How does the brain age? Where is the soul and how does one connect with it when the brain is failing? Does memory loss or mind deterioration diminish the quality of an internal spiritually meaning life?
Just in time for Chanukah, more than 1,200 families in Broward County are starting to receive free Jewish children’s books thanks to PJ Library, an international award-winning literacy program that delivers Jewish heritage to children, one book at a time.
The Chaya Aydel Seminary is celebrating its tenth year. The school, in Hallandale Beach, Florida, is known around the world.
The founder and director of a new gap year program at Bar Ilan University has made South Florida a key stop on a tour of North America promoting the new program that is intended to buck the trend in falling gap year numbers.
Miami Chapter of Emunah of America will be holding a delightful thought-provoking evening on Saturday evening, December 10.
It’s that time of year again. Turkey, sweet potato casserole and a harsh lesson in the reality of “land for peace” deals…
Elementary school children attending Lubavitch Educational Center (LEC) in Miami recently participated in an annual schoolwide campaign. The project reached out to the South Florida Jewish community and enabled many individuals to perform the mitzvot of Sukkot.
Neytz haChochma ESE, South Florida's only non-affiliated Jewish Orthodox special education school, will hold its first fundraising dinner, "Navigate Into the Future" on Monday, November 21st.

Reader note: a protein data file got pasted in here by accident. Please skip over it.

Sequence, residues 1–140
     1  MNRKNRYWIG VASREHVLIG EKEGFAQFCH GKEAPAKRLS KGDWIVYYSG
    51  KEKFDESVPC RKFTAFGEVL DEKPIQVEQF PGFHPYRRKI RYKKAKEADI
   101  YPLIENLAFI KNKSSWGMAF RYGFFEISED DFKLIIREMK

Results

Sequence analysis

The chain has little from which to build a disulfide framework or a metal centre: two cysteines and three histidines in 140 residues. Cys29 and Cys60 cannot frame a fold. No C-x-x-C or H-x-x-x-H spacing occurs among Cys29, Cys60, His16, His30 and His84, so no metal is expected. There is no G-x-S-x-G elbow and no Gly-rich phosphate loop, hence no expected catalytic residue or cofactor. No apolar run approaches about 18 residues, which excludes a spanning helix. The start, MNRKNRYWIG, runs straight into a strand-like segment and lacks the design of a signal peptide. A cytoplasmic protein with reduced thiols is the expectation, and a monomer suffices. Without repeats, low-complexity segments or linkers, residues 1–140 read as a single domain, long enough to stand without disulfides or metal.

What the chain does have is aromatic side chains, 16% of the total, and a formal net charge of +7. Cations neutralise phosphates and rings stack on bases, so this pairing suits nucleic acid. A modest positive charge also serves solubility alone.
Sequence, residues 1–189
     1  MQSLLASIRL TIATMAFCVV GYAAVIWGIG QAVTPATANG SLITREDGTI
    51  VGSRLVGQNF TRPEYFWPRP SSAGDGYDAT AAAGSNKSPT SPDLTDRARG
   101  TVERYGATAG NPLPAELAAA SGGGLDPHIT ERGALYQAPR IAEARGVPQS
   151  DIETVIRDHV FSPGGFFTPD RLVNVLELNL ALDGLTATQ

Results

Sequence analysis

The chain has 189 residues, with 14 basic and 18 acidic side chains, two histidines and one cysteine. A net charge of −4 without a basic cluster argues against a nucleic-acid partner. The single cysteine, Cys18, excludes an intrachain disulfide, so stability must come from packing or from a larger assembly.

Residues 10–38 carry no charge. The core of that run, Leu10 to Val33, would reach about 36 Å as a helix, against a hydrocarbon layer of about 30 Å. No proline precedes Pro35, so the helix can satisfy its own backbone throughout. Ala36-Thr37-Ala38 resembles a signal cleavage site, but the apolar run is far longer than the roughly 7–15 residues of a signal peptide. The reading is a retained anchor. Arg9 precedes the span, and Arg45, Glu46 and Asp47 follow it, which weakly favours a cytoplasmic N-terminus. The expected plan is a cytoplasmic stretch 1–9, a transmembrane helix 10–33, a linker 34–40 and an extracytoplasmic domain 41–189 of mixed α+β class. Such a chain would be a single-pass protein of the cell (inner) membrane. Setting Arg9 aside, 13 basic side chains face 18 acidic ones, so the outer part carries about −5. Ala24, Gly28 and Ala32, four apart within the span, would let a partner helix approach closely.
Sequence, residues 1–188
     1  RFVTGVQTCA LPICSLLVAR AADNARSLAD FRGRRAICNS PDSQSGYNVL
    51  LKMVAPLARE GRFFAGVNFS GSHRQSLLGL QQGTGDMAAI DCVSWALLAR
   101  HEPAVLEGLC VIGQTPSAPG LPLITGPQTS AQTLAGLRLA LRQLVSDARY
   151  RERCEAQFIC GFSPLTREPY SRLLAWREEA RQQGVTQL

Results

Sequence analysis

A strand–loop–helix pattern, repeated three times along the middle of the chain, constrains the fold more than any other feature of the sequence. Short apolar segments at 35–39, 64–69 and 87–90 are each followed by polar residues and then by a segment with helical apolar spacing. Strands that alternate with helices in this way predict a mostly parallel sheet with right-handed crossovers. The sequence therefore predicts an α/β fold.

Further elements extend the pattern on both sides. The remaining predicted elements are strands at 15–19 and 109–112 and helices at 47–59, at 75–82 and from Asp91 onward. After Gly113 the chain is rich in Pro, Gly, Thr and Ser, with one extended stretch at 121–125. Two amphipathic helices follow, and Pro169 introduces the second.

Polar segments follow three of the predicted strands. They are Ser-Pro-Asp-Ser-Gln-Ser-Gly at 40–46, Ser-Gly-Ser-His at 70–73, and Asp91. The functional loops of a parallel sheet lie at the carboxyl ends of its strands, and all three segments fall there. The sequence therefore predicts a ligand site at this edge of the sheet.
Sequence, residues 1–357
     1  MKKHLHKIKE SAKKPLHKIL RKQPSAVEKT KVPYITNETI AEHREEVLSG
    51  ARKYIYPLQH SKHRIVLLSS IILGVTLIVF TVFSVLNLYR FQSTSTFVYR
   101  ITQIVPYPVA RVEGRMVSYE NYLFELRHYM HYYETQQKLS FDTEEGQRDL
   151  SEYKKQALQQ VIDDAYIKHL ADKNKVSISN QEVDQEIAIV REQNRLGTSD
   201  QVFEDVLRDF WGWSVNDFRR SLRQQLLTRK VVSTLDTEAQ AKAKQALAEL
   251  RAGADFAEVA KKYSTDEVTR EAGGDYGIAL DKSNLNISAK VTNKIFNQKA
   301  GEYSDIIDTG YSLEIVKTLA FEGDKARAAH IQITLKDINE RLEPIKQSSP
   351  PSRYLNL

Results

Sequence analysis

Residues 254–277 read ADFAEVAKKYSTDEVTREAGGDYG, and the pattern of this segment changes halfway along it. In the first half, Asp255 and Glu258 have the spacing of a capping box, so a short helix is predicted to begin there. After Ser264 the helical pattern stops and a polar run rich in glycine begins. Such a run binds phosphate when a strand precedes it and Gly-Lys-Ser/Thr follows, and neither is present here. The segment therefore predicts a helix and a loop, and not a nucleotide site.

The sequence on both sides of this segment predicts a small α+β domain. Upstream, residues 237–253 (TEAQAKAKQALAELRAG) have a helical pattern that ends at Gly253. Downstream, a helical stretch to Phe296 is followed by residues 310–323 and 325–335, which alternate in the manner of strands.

Chabad of Northeast Hollywood/Shul of the Lakes recently purchased a beautiful two-story building. The structure, originally built in the early 1920s, has been registered by the city of Hollywood as a historic building.
Rabbi Elchonon Abramchik’s life has taken some unique turns. He was born in China, to parents who spent the war years in the ghetto of Shanghai, and thus survived the Nazi regime.
This week's Art Basel Miami Beach is billed as the largest contemporary art fair in the hemisphere. Until recently, the prognosis for a successful event had been bleak. The worldwide financial crisis had all but devastated the arts. Now, Art Basel, and the art world in general, has reason to celebrate. It seems that prices are up and big spending has returned.
The South Florida office of the American Jewish Committee recently held its fourth annual Thanksgiving Diversity Breakfast. Its goal was to bring together people of different religions and ethnic groups. AJC's Greater Miami director spoke. He stated that, " America's diversity is what makes us stronger."
Usually, the building and use of a sukkah in a school during the Sukkot holiday is a project undertaken by a Jewish day school, yeshiva or Jewish organization on a college campus. This year, a dedicated group of high school students changed the status quo in their nonsectarian private school in Miami Shores, Florida.
The Holocaust Documentation and Education Center, located at 2031 Harrison Street in Hollywood, is looking for volunteers to begin immediately. The center needs transcribers, audit/editors, proofreaders, and abstractors. The work is of vital importance. As the pool of aging survivors diminishes, it becomes increasingly urgent that their stories be documented and recorded.